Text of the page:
Graph 2 (“A” Quality vs. “F” Quality Stock Performance): This graph shows that higher-quality stocks are now performing better than low-quality stocks. We would expect this, especially if investors were growing nervous about the outlook. We constructed these indices to award higher quality to high and consistent profitability and low debt. Since early summer, investors have favored these factors over lower-quality, inconsistent, or indebted ones. This shift in leadership arose just as “recession” worries took hold.

WCA “A” vs. “F” Quality Stock Performance
Based on WCA Quality Indices


Graph 3 (WCA Fundamental Conditions Barometer): Regular readers know this is our longstanding measure of near-term conditions. While the recent employment report was positive, and markets are behaving a bit better, the forecast path is still below 50, indicating caution. This month’s slight improvement leads us to pare back the degree of equity exposure under-weighting. This tactical adjustment will be updated month by month as conditions evolve.

Conclusion

To answer the question of whether we are in a recession or if the economy is booming will take a few more months. For now, we see the situation as a mixed bag and an evolutionary process out of the pandemic. We recommend focusing on quality and flexibility in portfolios as the situation remains fluid and uncertain.

Kevin R. Caron, CFA
Senior Portfolio Manager
973-549-4051

Chad Morganlander
Senior Portfolio Manager
973-549-4052

Matthew Battipaglia
Portfolio Manager
973-549-4047

Steve Lerit, CFA
Senior Risk Manager
973-549-4028

Paul Clark, CFA
Senior Portfolio Manager
Municipal Fixed Income
415-364-2635

Rick Marrone
Senior Portfolio Manager
Municipal Fixed Income
415-364-2917

Daniel Urbanowicz
Senior Portfolio Manager
Municipal Fixed Income
973-549-4335

Suzanne Ashley
Internal Relationship Manager
973-549-4168

Eric Needham
Director, External Sales and Marketing
312-771-6010

Jeffrey Battipaglia
External Sales and Marketing
973-549-4031

WCA Fundamental Conditions Barometer:

We regularly assess changes in fundamental conditions to help guide near-term asset allocation decisions. The analysis incorporates approximately 30 forward-looking indicators in categories ranging from Credit and Capital Markets to U.S. Economic Conditions and Foreign Conditions. From each category of data, we create three diffusion-style sub-indices that measure the trends in the underlying data. Sustained improvement that is spread across a wide variety of observations will produce index readings above 50 (potentially favoring stocks), while readings below 50 would indicate potential deterioration (potentially favoring bonds). The WCA Fundamental Conditions Index combines the three underlying categories into a single summary measure. This measure can be thought of as a “barometer” for changes in fundamental conditions.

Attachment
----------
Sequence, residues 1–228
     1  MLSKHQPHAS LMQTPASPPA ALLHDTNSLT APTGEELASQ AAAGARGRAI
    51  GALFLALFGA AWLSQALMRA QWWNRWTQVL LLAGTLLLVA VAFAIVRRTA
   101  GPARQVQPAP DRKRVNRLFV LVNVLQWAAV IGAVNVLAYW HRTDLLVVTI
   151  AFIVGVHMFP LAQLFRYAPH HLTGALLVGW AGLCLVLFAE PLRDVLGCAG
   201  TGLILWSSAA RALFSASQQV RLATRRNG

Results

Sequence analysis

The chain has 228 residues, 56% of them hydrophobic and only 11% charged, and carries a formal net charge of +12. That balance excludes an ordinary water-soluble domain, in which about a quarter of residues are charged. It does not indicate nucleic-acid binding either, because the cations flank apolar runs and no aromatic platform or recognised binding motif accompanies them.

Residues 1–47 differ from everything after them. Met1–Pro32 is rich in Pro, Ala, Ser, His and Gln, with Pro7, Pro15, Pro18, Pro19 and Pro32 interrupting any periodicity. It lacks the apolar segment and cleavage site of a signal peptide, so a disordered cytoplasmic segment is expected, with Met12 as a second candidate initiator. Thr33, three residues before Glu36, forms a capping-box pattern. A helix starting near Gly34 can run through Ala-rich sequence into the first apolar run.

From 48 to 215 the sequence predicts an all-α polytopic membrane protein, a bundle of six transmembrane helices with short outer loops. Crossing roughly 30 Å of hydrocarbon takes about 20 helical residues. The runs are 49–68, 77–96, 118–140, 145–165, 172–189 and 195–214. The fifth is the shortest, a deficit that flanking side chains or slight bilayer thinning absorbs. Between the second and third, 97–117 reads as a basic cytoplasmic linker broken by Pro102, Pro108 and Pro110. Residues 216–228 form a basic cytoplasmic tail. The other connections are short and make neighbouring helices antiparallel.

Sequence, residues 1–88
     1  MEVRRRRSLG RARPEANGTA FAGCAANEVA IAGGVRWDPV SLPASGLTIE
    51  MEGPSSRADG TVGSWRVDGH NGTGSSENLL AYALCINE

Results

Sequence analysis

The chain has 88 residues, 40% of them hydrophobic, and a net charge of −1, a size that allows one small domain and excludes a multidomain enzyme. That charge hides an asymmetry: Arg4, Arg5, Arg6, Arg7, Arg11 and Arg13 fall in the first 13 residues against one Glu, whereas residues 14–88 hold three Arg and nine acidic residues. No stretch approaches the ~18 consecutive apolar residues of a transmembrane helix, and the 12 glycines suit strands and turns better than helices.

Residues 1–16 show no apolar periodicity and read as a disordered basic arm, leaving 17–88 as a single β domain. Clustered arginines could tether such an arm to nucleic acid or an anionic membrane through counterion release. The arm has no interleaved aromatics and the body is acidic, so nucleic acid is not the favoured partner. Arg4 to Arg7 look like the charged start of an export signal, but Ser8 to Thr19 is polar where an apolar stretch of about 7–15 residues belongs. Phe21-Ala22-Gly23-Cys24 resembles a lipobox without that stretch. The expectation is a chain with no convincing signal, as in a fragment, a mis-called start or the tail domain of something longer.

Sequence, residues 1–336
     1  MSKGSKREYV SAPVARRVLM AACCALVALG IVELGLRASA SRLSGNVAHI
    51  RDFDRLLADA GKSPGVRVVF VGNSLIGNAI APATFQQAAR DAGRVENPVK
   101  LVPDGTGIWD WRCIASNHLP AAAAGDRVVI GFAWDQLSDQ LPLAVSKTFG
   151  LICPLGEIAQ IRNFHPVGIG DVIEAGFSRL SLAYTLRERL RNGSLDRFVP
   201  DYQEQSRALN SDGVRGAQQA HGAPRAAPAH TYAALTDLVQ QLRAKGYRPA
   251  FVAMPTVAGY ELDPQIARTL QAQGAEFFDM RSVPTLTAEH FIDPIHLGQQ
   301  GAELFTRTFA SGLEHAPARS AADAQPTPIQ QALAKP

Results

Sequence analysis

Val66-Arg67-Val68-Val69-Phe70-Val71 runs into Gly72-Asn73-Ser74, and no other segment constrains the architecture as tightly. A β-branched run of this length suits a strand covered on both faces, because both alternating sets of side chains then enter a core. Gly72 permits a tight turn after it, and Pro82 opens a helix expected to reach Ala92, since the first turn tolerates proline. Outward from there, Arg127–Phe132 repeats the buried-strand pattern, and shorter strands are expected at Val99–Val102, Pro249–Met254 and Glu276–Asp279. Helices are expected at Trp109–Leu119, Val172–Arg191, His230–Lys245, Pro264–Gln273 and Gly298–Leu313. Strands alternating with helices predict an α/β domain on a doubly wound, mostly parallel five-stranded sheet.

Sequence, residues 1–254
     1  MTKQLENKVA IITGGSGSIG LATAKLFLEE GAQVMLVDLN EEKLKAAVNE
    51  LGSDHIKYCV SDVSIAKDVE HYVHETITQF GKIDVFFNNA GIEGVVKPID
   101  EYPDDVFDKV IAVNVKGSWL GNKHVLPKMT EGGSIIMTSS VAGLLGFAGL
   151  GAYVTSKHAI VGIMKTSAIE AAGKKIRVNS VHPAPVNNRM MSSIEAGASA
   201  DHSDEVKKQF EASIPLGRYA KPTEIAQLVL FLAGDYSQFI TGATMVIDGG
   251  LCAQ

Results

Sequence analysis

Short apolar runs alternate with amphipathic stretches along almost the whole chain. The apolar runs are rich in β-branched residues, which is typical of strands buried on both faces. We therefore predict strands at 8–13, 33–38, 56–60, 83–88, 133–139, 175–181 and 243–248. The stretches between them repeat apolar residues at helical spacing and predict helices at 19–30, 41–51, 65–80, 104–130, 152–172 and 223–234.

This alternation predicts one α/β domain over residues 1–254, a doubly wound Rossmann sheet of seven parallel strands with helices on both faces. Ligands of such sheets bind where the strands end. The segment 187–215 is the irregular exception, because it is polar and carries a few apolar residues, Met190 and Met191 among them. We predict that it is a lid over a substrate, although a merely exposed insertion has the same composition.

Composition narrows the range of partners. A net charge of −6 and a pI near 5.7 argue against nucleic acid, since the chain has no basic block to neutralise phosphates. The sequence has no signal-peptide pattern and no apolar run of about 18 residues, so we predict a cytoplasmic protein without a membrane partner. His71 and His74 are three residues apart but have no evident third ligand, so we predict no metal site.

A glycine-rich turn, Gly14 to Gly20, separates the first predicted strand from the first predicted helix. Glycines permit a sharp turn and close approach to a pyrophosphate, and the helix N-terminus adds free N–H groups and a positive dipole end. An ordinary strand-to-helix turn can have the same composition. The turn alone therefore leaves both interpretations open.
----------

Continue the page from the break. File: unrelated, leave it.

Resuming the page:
Disclosures

The information contained herein has been prepared from sources believed to be reliable but is not guaranteed by us and is not a complete summary or statement of all available data, nor is it considered an offer to buy or sell any securities referred to herein. Opinions expressed are subject to change without notice and do not take into account the particular investment objectives, financial situation, or needs of individual investors. There is no guarantee that the figures or opinions forecast in this report will be realized or achieved. Employees of Stifel, Nicolaus & Company, Incorporated or its affiliates may, at times, release written or oral commentary, technical analysis, or trading strategies that differ from the opinions expressed within. Past performance is no guarantee of future results. Indices are unmanaged, and you cannot invest directly in an index.